ROCCAT Hiro Conclusion:

To sum up the review for anyone who skipped to the end, let me give you the rundown on how I based my scores. Much like any other review, I split it into the three sections to determine the final score. First I looked at what the company is saying it offers. For example, the company states the mousepad supports a smooth surface and is water proof. In any example, I examine what is advertised versus what is actually offered. Most of this becomes uncovered as I take pictures to document the product. If the company does not stay true to its word then it loses points because no one ever wants to be sold on false advertisement. Next I look at what the product is marketed for and put it into perspective. An example of this could be using a cheap mouse and expecting the same high scores. This would contradict its target market and something I try to catch so it does not affect the score. The last bit is my own interjection. What could the mousepad offer in its price range, and what do other companies offer. This category may include larger or smaller pads, different colors, or support for higher DPI. This list is endless so let's move on to the conclusion.

The ROCCAT Hiro hits all the right marks giving it the best score on each chart. It offers high DPI support for that extra speed. The mousepad is very consistent and smooth even over the screen-printed logo. The back and front are bound together with a solid connection, where I could not find any edge that might become a problem over time. The most notable "Pro" is a spill-resistant coating. Other mousepads may offer this, but they haven't listed it as a feature. This is a feature I know I will be using and in all honesty, most likely before this review is published, I will have spilled some more onto it, but this time not on purpose. Lastly a non-slip backing is a given for any mousepad worthy of being considered a gaming mousepad.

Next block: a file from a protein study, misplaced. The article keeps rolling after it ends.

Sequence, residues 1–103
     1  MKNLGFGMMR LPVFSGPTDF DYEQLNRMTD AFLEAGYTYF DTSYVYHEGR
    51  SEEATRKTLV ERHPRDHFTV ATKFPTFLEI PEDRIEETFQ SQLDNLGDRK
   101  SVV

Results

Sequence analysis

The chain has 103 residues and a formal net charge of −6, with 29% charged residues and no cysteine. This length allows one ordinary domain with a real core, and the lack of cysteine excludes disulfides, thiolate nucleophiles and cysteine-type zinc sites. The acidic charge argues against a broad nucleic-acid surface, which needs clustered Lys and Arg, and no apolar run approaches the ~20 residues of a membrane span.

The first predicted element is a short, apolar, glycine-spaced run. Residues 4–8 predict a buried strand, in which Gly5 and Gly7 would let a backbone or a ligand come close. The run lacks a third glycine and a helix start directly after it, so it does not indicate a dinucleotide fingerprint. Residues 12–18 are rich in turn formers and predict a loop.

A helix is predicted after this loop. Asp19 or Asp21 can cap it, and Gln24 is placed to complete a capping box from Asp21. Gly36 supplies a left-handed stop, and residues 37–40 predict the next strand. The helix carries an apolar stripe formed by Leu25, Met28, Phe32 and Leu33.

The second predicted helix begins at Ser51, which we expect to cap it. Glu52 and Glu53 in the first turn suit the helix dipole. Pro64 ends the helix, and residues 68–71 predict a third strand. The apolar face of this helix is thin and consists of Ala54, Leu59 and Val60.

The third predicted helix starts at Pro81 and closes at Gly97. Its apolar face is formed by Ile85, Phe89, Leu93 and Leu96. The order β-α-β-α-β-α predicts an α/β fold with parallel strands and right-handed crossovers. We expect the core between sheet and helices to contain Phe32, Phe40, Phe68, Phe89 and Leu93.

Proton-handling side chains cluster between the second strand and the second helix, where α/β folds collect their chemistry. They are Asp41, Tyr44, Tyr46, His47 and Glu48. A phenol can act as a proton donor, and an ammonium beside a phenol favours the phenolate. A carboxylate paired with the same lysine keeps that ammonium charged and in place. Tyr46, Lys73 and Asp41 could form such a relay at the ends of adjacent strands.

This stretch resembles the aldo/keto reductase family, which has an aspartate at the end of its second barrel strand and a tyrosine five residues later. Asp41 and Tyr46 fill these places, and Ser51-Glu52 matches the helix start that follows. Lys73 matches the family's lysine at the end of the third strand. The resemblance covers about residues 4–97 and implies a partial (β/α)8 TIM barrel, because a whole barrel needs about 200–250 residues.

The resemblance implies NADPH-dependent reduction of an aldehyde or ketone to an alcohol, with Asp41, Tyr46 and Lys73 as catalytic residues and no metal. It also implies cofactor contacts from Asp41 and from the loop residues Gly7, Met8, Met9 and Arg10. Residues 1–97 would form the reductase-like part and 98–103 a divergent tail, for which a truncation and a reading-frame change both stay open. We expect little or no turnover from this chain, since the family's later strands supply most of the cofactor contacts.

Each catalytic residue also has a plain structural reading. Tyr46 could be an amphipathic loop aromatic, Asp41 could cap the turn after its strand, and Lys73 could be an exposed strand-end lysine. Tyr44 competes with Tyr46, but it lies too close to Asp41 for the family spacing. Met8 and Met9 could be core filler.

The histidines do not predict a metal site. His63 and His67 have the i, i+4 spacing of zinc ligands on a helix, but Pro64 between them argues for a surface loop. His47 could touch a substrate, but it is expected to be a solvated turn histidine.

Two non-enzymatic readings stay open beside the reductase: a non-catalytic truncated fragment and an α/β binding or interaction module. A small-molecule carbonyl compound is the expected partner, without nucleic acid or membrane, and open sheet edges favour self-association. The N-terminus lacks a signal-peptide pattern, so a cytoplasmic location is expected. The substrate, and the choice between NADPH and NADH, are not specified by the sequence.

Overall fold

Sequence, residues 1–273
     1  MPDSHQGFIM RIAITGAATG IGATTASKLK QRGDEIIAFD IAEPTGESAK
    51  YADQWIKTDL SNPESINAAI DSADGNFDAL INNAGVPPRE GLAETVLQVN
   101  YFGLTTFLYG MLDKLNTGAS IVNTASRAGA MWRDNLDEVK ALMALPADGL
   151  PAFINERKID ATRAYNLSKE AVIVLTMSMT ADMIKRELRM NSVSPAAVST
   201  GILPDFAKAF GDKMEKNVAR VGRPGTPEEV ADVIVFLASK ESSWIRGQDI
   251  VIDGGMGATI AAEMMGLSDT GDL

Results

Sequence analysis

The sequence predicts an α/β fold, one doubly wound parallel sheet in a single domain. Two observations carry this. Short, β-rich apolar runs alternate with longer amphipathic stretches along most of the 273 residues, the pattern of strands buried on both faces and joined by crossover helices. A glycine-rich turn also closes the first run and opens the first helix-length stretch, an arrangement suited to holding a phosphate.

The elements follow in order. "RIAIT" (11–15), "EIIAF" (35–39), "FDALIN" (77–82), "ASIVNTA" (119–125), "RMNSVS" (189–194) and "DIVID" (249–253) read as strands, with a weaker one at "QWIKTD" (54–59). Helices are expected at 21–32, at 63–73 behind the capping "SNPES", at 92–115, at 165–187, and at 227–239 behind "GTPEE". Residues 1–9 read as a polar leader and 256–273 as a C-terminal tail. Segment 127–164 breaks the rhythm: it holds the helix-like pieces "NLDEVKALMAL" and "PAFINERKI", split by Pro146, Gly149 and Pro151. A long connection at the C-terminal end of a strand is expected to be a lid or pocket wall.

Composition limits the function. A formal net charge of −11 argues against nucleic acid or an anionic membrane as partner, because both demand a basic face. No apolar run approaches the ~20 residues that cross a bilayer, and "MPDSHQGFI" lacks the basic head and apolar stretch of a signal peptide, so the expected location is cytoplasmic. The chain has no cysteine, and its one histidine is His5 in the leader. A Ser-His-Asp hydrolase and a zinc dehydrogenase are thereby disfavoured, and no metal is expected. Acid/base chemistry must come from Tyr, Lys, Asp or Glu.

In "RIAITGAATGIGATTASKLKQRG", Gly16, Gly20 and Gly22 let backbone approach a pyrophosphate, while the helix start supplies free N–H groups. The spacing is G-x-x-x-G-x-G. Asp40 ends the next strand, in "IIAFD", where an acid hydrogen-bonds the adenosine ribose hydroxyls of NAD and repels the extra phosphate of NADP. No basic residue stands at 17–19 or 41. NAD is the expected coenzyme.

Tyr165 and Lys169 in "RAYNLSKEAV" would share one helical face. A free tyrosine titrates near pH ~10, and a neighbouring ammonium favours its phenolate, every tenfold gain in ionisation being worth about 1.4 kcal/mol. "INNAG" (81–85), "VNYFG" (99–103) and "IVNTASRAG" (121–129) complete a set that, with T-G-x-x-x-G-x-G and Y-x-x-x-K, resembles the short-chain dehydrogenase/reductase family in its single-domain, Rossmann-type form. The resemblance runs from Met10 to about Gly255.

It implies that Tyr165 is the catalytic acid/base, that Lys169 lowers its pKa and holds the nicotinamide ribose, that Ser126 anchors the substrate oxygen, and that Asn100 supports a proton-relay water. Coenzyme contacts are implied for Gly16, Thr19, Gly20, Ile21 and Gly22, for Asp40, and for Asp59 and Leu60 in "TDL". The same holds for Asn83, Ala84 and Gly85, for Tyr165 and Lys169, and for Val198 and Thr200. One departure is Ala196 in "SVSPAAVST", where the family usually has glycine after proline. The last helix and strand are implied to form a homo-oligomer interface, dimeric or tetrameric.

The negatives are a very short list and completely my own bias. I think the mousepad is too big and for most of this review I used only a quarter of the pad. If ROCCAT could cut the pad in half, I do not think you would notice. The size also plays a role in price. For $50 you could buy a few average mousepads for your friends. By cutting the mousepad size in half, the company would save production cost and could pass this on to the consumer.

Let me end this with a few words. ROCCAT has made an amazing mouse pad, but at a high price (literally). If you are 100% serious about being an eSport gamer or hope for the extra edge, you cannot go wrong with this. It has a few standard features from the $25 range and a few more a pay grade above. The question ultimately remains, is $50 something you can afford to spend on a mousepad? I say yes and ROCCAT made good on all its listed promises. The company does offer a few mousepads at a lower price, but of course they're not going to have everything this one offers. This is marketed for the best and if you are using a $70-100 mouse, I cannot see why you do not want to use it to its full potential.

 

Pros:

 

Cons